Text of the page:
I am coining a new term for the book CC and I keep joking we’re going to write on The Ethics of Afro-Polyamory: The “Mono-Poly Spiral of Discontent.”
Being a person in a polyamorous relationship who is only in one relationship can be kind of emotionally exhausting. Effectively, one person has a complete monopoly on your time and your love and your physical affections, while said person manages multiple emotionally and sexually satisfying relationships. And you, as the mono-poly person, feel like you have to be extra careful to avoid unfairly monopolizing your partner’s time, out of respect and consideration for both him and your metamours.
The Mono-Poly Spiral of Discontent starts with a scheduling conflict or two. As the mono-poly person is making an extra effort to be conscientious in the face of this balancing act, she genuinely doesn’t feel upset with her partner about the scheduling conflicts. Though she is certainly not pleased that they’re happening, she strives to accept them with grace, as she recognizes that time and money are limited resources even when capacities for love and affection aren’t.
The current three-to-one relationship ratio means that I, as the mono-poly person, have been seeing [Booskie] about once a week. On the one hand, I commend him for even being able to make that work on a regular basis, as I know from experience that coordinating three peoples’ schedules with one’s own availability while still building in time for oneself is by no means an easy task. I did it for about a month back in November/December, and it was hard to switch emotional spaces on command and difficult to be sexually available on schedule.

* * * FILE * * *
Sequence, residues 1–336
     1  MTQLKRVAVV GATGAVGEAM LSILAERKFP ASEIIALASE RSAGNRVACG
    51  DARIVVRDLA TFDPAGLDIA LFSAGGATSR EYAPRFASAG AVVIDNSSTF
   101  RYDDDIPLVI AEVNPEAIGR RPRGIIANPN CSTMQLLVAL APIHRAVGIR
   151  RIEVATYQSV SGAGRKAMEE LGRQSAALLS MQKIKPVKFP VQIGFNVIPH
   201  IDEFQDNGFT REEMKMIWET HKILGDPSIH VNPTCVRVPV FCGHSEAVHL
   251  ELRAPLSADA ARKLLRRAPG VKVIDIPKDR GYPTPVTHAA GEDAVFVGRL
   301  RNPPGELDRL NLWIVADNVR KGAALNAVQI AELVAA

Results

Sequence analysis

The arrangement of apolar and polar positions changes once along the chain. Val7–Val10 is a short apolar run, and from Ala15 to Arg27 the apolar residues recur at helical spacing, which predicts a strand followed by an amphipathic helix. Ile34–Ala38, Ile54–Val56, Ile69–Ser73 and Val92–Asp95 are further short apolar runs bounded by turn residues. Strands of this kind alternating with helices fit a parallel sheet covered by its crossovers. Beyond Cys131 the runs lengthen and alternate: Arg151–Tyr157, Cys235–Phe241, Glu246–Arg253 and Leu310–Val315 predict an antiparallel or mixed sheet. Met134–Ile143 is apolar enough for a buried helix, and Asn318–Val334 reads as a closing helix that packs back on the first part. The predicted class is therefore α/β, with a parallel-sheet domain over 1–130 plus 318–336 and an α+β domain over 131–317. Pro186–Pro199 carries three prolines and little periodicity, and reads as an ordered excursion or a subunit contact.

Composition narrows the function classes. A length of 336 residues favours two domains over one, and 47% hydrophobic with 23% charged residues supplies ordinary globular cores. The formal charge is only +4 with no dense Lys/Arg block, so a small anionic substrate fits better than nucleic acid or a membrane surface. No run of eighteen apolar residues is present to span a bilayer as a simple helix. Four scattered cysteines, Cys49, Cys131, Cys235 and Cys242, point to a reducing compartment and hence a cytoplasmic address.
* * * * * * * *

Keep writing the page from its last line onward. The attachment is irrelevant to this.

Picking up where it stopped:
But at the same time that I recognize and can even identify with that struggle, I also can’t deny that it sucks that for me, a week or a week and a half or whatever of not seeing him means a week or a week and a half or whatever of no snuggles and kisses and non-solo playtime. I’ve stopped finding myself in the mood to cuddle up to someone — now I get in the mood to cuddle up with him. Even in my solo playtime, I’m thinking about him. This means that every time I see him, I’m all wound up literally just waiting for it to be time to release all of this sexual energy with him, which leads to me being frustrated if he’s tired or wants to watch the game or whatever. This is a second level of the Mono-Poly Spiral of Discontent (and sometimes the spiral pulls in some general insecurities about my own desirability in at this level).
I don’t hide that frustration well, but at the same time I hate expressing it. I never want to feel like I’m pressuring him, and clearly our relationship is about so much more than sex, but I would really appreciate it if I more often felt like we’re equally hot for one another; I just don’t know if that’s a fair thing to ask given the circumstances. No one is a machine. I keep remembering the time I spent the night/all day with [Booskie] and then one of my secondary partners came over that evening and wanted to play, and I’d already had sex six times in the past 24 hours and wasn’t really feeling up for more, but I went along with it anyway. Neither of us was really satisfied with how that evening played out, and I don’t want those same types of feelings popping up here.